Thoughtful touch, and the fine work that the human hand is capable of, are becoming ever more precious as we tumble onward into the rabbit hole of the digital age. Our hands can do so much, but these days most of us spend a lot of our hand-time at computer keyboards, or swiping and tapping electronic gadgets. Esther Perel has spoken poignantly about how for many of us, our phone is the last thing we touch at night, and the first thing we touch in the morning, at great cost to human relationship.
As the days shorten and the calendar year draws to a close, the temptation to huddle around the warmth of our devices grows even stronger. This winter season, I encourage you to spend a little time meditating on the miracle of the human hand, your own, and others’. Massage a lightly scented oil onto your paws before going to bed, or exchange a hand massage with your partner or best friend. Spend some time gazing at your uniquely mysterious palm-lines, the wrinkles that make you, you. (I only recently realized that the ring finger on my left hand is a full quarter-inch shorter than my right ring finger–this, despite the fact I have probably spent more time than the average person, contemplating my hands! Weird.)
Studies on the effectiveness of Reiki are a challenge, because the placebo group often receives “sham” Reiki from a person who goes through the motions of a session, without actually being initiated as a Reiki practitioner. The thing is, human touch in and of itself can convey comfort and encouragement, which supports healing. I suspect one of Reiki’s gifts is that it helps individuals cultivate the willingness to be still, to practice quiet, agenda-free human touch on a regular basis–not just with others, but more importantly with ourselves. I personally experience Reiki on the meditation spectrum, in that a teacher empowers us in our practice, listens to our questions, and encourages us to always return to the practice: to let Reiki teach you, through your very human hands.
This summer I had the opportunity to visit Japan—something I’d hoped to do for years, long before I even knew about Reiki. As luck would have it, my visit was based in Kyoto. Mt. Kurama, the sacred mountain where Reiki was first perceived by Mikao Usui, is about an hour’s train ride north of the city. Traditionally, Usui is said to have discovered Reiki after a three-week fasting meditation on the mountain, in 1922. Of course a visit to the origin place of Reiki was at the top of my list!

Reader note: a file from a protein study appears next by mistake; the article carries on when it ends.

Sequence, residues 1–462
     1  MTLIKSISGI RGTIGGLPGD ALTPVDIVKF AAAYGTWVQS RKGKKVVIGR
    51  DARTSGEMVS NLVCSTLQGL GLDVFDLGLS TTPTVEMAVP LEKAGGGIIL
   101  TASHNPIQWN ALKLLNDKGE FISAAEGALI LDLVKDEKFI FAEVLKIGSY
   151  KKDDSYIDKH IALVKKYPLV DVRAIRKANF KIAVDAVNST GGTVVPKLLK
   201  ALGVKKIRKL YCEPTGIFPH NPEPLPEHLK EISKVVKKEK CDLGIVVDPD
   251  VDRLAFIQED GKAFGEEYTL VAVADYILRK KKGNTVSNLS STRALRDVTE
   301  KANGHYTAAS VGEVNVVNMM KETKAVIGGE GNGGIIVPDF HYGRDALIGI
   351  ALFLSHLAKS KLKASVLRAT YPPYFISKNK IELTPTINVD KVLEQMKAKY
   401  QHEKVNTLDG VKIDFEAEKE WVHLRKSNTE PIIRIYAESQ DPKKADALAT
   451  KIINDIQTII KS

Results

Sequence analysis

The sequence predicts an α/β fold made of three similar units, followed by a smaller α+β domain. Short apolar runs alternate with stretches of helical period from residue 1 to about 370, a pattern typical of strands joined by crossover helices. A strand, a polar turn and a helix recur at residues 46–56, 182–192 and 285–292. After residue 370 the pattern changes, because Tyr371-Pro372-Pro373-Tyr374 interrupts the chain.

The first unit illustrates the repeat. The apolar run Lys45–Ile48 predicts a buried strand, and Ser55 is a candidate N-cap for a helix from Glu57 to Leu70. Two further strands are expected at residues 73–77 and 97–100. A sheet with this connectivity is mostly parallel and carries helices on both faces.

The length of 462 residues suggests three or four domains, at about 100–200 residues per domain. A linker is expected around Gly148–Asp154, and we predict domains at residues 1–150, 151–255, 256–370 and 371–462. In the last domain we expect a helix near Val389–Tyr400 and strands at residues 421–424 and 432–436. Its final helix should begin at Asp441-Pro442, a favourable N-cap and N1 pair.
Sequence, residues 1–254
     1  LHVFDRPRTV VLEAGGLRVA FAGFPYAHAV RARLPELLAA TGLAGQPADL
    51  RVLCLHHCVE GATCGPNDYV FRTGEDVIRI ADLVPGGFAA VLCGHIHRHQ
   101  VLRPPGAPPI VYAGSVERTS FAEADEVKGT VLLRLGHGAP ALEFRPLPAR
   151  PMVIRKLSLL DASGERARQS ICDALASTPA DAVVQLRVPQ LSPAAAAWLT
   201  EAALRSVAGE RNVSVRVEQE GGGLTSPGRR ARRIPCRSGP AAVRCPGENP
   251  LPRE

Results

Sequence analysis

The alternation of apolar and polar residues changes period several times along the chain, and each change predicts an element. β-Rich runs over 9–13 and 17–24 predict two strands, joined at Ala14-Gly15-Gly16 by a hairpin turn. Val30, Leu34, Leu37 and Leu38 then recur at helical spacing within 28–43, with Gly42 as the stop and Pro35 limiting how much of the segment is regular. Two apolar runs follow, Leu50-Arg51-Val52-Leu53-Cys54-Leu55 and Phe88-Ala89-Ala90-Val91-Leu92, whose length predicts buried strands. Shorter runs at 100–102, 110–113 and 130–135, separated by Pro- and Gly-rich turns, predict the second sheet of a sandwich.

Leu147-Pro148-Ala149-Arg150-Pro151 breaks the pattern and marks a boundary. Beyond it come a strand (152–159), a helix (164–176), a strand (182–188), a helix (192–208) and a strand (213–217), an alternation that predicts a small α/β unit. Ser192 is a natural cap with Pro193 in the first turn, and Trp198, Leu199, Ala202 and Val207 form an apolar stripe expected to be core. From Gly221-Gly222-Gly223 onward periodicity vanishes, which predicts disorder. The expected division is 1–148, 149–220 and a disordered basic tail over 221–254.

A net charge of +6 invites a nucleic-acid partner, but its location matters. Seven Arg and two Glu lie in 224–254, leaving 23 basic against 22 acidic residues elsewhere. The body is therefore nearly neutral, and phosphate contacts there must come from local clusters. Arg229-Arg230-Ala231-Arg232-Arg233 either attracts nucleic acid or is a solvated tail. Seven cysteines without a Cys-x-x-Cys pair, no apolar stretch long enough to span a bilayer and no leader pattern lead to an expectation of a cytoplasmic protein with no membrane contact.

The train ride was beautiful: as the city eased into suburbs, lush rice paddies and vegetable gardens began to replace dwellings. Our train tunneled through maple trees as we moved into the mountains. Finally, we were deposited at Kurama Station, and our trek began.
We paid the entrance fee at the main gate, and received a lovely, pale purple “Summer” ticket, which told us that Mt. Kurama is “imbued with life energy, a wide variety of life forms resides here in serenity, and the rich natural environment continues to flourish.”
Perhaps a quarter mile up the trail, we encountered another large stone entrance gate. Just beyond that, we found a beautiful, large, hand-constructed ring of vegetation, an ephemeral and marvelous entrance. We thought perhaps this was from the Bamboo-Cutting Ceremony that had happened a couple of weeks previous. The multiple thresholds opening onto the Kurama trail created a sense of ceremony, of being led deeper into the pilgrimage.
Beyond the green-gate was a flight of steps, which ran alongside a huge, old Grandfather Sugi tree—estimated to be about 800 years old, adorned with a rope and a “lightning strike” paper streamer (called a shide), elements from Shinto rituals. Gigantic trees, and reverence for them, was a common theme in my experience of Japan. When you look at these old beings, and see the many lichens, mosses, plants and insects that live on and whirl about them, one can’t help but appreciate these magical ecosystems-unto-themselves.
The trail up the mountain alternates between paved path, dirt switchbacks, and long flights of stone stairs. So many stairs! Lanterns line the route. The mountain is home to dozens of Shinto shrines, both tiny and large. The bright reddish-orange of the lanterns, a shade that also trims the shrines, positively vibrates against the various greens of the forest.
One of the things I had most been looking forward to was visiting a particular shrine near the top of the mountain. My (admittedly out-of-date) guide book said it was a not-to-be-missed quiet treasure of Mt. Kurama, nestled into a sacred grove of massive sugi trees. As we neared the top, I mentioned this to my partner, who hesitantly broke the news that the shrine had been destroyed in 2018’s Typhoon Jebi, the strongest typhoon to hit Japan in 25 years. Ah. Well.
After traversing the Tree Root Path…
—a labyrinth of living tree roots right out of a fairy tale—we came upon the shrine. Uprooted trees were everywhere, and parts of the shrine lay in piles. The exception was a small stone bowl resting on a short pedestal, and also a rectangular stone basin—perhaps the former purification trough. In this basin, dark tadpoles swam with vigor. Life wants to live!